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  2. 2. Introduction The purpose of this lab is to test the effects of 11 different drugs on the muscarinic M2, adrenergic 1, and adrenergic 1 receptors found in the Guinea Pig auricles in vitro. More specifically, the experiment focuses on the changes in force of muscle contraction and beats per minute in comparison to control contractions with each drug administration. The isolated auricle tissue was held in a solution of Krebs ringer at 29oC, and aerated with 95% O2 and 5% CO2. Krebs ringer is a physiological salt solution designed to mimic a normal biological environment to keep the tissue alive and enable contractions to occur in a normal fashion in vitro. The heart is muscular organ enclosed in the pericardium and epicardium with watery fluid serving as a lubricant between the two fibrous sacs (5). The auricles are located on the anterior surfaces of the outer-walls of the myocardium. The auricles control the volume and velocity of blood entering the heart through the use of cardiac muscle. The inner surfaces of the cardiac chambers are lined by a thin layer of endothelial cells (5). Blood flow through the heart enters the superior vena cava and travels through the right atrium, atrioventricular valve, right ventricle, aorta, pulmonary artery, and out the left atrium. The atria consists of the right atrium (receives deoxygenated blood from veins) which pumps blood to the right ventricle to be oxygenated in the lungs, and the left atrium, which takes the oxygenated blood and sends it to the left ventricle, where it is pumped through the arteries to the rest of the body (3). The interventricular septum separates the right and left ventricles. Cardiac muscle cells are striated like skeletal muscle, but are shorter and branch out. Heartbeat is coordinated though the depolarization of the plasma membrane and approximately 1% of cardiac cells are dedicated to heart excitation (pacemaker cells). The conducting system initiates the heart beat and spreads the impulse throughout the heart and consists of the SA node, AV node, bundle of his, and purkinje fibers. Intercalated disks (gap junctions) connect the muscle cells and allow the rapid spread of action potentials (AP) from one cell to another which is needed for synchronized contraction. The Sinoatrial (SA) node consists of pacemaker cells which initiates the impulse. The AV node slowly transmits (0.1 secs) the action potential from the atria to the ventricles so that the atria is given a chance to completely contract before ventricular contraction (5). Bundle of His in the interventricular septum propagates the AP to the purkinje fibers (large conducting cells) which distributes the impulse through the ventricles (5). Heart action potentials are the result of different ion channels opening and closing in an orderly fashion. Autorhythmic cardiac cells and myocardial pumping cells exhibit distinctly different action potential curves on a graph plotting time against membrane potential (mV). Autorhythmic cells depolarize via sodium ions leaking in through the funny channels and calcium ions moving in through T channels (5). Following depolarization, rapid opening of voltage-gated L-type calcium channels initiate the rapid depolarization phase. Reopening of potassium channels and closing of calcium channels cause repolarization (5). Myocardial pumping cells have five action potential phases. Phase 0 involves the opening of voltage gated sodium channels and closure of potassium channels for rapid depolarization. Partial repolarization (phase 1) is due to sodium channels closing and fast potassium channels opening. The plateau (phase 2) is due to fast potassium channels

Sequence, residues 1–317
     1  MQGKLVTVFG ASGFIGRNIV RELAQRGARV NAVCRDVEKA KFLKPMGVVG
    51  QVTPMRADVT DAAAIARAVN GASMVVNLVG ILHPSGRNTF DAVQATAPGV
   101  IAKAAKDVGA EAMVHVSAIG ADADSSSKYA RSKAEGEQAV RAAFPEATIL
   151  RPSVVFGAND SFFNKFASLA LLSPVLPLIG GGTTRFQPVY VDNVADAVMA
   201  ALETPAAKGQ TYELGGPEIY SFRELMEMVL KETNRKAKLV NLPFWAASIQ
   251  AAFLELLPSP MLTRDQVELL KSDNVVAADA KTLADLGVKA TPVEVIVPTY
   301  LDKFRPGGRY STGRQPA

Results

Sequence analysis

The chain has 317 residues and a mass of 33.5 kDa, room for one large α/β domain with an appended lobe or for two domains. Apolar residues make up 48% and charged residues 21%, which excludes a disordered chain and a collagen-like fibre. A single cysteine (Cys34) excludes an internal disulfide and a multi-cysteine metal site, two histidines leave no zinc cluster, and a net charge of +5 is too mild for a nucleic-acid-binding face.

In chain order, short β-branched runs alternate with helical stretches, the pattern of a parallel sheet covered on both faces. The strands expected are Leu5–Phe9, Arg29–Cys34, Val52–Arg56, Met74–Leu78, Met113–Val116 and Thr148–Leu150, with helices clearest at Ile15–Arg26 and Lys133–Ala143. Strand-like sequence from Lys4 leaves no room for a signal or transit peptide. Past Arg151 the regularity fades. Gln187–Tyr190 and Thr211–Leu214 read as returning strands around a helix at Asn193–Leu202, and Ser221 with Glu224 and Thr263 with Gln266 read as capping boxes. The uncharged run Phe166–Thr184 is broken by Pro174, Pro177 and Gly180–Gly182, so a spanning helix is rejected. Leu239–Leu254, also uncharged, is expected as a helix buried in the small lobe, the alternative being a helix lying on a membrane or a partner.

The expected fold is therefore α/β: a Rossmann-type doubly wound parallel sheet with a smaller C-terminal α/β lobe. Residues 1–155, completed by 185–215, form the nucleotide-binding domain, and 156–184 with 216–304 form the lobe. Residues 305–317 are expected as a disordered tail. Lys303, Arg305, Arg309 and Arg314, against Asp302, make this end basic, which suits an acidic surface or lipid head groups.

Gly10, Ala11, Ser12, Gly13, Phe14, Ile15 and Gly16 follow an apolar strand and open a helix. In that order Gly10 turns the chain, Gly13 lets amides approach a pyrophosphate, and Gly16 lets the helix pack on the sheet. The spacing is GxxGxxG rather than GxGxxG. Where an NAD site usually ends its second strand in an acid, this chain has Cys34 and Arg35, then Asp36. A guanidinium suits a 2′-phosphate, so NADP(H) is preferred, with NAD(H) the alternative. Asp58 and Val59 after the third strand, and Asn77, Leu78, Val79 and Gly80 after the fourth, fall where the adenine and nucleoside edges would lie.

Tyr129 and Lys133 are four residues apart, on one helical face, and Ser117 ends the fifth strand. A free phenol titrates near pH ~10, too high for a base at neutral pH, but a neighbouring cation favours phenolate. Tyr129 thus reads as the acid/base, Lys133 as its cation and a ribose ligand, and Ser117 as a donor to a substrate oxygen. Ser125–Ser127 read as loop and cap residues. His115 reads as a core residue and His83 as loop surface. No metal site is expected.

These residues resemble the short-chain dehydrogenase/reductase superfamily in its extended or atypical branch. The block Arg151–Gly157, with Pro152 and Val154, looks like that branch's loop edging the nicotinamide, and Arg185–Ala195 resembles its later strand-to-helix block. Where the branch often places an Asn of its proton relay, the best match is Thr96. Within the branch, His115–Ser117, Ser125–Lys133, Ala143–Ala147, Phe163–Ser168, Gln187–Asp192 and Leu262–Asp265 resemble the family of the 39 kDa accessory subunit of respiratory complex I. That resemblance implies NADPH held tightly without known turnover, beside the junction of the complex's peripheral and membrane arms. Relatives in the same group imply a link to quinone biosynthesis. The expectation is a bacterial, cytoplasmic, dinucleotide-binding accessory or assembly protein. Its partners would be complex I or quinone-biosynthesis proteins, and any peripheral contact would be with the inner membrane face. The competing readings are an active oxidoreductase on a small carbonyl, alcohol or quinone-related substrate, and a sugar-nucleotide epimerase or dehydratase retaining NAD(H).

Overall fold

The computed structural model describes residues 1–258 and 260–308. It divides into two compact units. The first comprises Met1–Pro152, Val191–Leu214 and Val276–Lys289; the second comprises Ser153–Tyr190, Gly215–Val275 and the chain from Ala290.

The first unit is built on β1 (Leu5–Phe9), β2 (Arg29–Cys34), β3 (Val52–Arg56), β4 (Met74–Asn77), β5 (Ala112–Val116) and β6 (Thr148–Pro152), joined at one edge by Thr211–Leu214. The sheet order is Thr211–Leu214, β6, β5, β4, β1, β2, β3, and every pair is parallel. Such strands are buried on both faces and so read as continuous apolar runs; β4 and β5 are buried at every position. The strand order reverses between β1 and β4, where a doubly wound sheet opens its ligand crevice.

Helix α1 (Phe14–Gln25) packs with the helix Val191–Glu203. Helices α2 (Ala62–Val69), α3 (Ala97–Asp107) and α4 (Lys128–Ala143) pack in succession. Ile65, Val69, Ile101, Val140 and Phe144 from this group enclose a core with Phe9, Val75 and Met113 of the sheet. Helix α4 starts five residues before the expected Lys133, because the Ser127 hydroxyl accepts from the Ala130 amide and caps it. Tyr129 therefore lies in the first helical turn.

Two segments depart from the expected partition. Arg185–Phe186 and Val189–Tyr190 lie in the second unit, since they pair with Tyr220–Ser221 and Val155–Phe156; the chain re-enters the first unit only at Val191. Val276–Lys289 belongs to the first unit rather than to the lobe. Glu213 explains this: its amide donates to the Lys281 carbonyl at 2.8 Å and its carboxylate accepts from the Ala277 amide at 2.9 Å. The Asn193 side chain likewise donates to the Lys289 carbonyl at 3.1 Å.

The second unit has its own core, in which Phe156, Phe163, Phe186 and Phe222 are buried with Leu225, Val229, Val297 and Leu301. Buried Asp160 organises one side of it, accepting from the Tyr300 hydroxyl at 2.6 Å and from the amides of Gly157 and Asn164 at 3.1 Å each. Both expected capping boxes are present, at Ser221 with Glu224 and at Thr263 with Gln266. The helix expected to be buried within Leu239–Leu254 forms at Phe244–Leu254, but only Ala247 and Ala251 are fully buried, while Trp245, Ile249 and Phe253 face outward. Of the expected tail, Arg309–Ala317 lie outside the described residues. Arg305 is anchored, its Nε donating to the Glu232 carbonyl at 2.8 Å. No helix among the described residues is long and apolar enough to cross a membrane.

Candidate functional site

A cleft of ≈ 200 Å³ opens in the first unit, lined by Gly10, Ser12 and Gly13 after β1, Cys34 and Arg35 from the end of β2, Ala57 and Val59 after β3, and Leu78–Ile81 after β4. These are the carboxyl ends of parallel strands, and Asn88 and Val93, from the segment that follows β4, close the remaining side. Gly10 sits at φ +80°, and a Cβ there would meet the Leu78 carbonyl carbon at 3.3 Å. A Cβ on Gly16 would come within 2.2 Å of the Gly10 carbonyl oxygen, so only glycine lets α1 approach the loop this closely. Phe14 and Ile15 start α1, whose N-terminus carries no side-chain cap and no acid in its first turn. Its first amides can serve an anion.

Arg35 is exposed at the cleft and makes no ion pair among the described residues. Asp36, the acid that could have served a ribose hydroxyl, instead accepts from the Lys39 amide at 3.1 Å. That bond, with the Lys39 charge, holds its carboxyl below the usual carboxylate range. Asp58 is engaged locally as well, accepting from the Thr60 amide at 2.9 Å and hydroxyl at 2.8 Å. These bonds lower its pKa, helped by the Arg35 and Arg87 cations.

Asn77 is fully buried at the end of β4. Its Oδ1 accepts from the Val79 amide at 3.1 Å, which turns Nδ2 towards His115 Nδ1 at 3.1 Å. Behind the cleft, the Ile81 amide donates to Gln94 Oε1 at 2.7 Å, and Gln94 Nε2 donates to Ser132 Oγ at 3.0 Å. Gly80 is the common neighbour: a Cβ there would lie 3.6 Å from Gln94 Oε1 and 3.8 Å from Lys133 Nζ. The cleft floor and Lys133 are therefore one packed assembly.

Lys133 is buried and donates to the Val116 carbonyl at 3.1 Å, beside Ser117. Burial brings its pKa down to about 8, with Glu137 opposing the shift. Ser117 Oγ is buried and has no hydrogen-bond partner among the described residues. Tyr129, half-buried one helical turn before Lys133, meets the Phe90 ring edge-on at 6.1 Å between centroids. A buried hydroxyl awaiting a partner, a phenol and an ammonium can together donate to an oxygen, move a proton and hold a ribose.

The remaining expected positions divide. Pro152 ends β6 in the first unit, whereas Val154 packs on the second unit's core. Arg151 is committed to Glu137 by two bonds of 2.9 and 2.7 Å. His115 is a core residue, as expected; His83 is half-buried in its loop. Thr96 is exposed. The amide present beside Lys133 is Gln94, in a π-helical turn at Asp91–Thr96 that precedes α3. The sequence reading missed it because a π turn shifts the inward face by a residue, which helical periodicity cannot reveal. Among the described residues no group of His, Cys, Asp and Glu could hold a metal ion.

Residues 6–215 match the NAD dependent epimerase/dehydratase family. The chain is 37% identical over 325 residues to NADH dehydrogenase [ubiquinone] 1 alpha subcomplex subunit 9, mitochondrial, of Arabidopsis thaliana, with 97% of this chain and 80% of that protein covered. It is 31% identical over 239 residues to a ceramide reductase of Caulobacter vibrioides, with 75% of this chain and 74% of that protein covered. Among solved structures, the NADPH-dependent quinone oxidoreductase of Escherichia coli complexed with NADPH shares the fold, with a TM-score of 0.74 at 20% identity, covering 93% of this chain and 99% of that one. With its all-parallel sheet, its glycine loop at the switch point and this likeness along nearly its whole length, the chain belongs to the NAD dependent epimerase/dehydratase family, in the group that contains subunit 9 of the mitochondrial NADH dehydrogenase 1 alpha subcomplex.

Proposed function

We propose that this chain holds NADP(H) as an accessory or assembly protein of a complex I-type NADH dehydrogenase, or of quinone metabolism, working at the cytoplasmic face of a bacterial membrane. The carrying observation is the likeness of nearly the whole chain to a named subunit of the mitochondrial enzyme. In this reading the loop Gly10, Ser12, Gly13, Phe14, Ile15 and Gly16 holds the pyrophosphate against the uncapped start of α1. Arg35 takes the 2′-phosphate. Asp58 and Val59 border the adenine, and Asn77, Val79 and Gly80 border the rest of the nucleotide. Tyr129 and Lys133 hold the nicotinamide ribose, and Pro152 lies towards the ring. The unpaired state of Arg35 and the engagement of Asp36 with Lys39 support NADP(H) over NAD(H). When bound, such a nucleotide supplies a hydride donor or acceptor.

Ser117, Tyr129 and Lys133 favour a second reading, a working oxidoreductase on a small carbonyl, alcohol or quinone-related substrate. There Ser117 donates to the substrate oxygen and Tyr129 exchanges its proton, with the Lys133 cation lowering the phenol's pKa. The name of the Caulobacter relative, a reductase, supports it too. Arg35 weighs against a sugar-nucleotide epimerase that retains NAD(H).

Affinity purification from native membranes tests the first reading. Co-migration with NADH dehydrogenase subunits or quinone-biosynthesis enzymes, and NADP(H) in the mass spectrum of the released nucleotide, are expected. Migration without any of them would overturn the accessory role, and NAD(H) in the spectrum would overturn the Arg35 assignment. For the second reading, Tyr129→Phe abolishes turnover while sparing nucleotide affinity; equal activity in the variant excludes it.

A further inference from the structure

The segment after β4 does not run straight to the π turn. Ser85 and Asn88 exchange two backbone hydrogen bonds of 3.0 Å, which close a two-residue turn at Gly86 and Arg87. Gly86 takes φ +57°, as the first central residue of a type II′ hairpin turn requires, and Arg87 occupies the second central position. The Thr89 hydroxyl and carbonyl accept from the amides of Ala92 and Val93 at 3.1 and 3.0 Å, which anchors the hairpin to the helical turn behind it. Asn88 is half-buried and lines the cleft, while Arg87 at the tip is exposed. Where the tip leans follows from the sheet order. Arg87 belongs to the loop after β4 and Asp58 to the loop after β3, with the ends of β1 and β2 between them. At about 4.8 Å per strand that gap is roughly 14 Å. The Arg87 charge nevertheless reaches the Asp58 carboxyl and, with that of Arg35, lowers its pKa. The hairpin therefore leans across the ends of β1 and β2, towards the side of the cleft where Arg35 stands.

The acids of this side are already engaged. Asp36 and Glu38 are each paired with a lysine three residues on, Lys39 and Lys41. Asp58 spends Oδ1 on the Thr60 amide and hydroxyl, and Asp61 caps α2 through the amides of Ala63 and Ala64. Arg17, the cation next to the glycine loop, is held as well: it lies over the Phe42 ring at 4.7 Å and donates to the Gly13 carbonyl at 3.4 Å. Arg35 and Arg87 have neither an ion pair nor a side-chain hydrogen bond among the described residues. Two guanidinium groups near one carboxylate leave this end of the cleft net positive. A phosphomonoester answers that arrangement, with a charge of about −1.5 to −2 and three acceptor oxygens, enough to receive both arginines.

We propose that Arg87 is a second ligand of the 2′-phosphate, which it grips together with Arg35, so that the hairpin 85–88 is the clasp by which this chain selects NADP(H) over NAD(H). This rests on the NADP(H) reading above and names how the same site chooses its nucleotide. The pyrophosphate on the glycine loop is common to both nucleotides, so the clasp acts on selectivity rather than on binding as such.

3. 3. closing and L-type calcium channels opening. Repolarization (phase 3) occurs when L- type calcium channels close and slow potassium channels open. Finally, the cell is returned to resting potential (phase 4). Cardiac muscle contraction initiates when the AP from an adjacent cell enters and causes the voltage gated calcium channel in the T-tubule to open. Calcium ions rush into the cell to bind ryanodine receptor-channels to induce calcium ion release from the sarcoplasmic reticulum. The local release of calcium ions causes a Ca2+ spark to create a Ca2+ signal (5). The calcium ions lastly bind troponin to initiate contraction. The Heart has three main receptors that will respond to the various drugs. 1- adrenergic receptors predominate in the cardiac tissue and are primarily responsible for modulated cardiac function. Agonism of 1 receptors activates the G protein coupled receptor (GPCR) Gs pathway. Gs activates adenylyl cyclase (AC) to catalyze the conversion of ATP to cAMP which in turn binds to Protein Kinase A (PKA) and activates it to phosphorylate the L-type calcium channel. The influx of Ca2+ ions causes depolarization and initiates the action potential which leads to an increase in heart rate and force of contractions. Adrenergic 1 receptors have been associated with activation of Ca2+ channels and inhibition of K+ channels which both increase heart rate and force of contractions (4). Agonism of 1 receptors activate the GQ pathway in which phospholipase C cleaves Phosphatidylinositold (4,5) bisphosphate (PIP2) to form diacylglycerol (DAG) and inositol triphosphate (IP3). IP3 causes a rise in calcium ion concentration which elicits the Ca2+ signal to bind troponin and cause contraction. Muscarinic M2 receptors activate the Gi GPCR pathway which inhibits AC. The Gi subunit causes K+ channels to open (causes hyperpolarization) and inhibits L-type Ca2+ channels from opening (inhibition of depolarization). The drugs used for this experiment were: Acetylcholine (ACh), Methacholine, Atropine, Tetramethylammonium (TMA), Physostigmine, Epinephrine, Norepinephrine, Isoproterenol, Propranolol, Phenoxybenzamine, and Verapamil. Acetylcholine is a parasympathetic neurotransmitter that acts as an nicotinic and muscarinic M2 agonist in the heart. The ion fluctuation of increased potassium ions and decreased calcium ions causes a hyperpolarization of the cardiac cell membrane, therefore causing a decrease in force and rate of contractions. Methacholine is a non-selective muscarinic receptor agonist in the parasympathetic nervous system that is more resistant to actions of acetylcholinesterase. The ester agonizes the M2 muscarinic receptor and causes a decrease in force and rate of contractions. Atropine is a competitive antagonist of muscarinic M2 receptors in the parasympathetic nervous system (1). This should bring the rate of contractions back to a baseline state following muscarinic receptor agonism. Tetramethylammonium (TMA) is a nicotinic receptor agonist and partial muscarinic agonist whose downstream effect activates the M2 muscarinic receptors in cardiac cells. This causes agonistic parasympathetic effects for a decrease in force and rate of contractions. Physostigmine is a reversible inhibitor of acetylcholinesterase and should prevent acetylcholine from being metabolized to acetic acid and choline. Acetylcholine left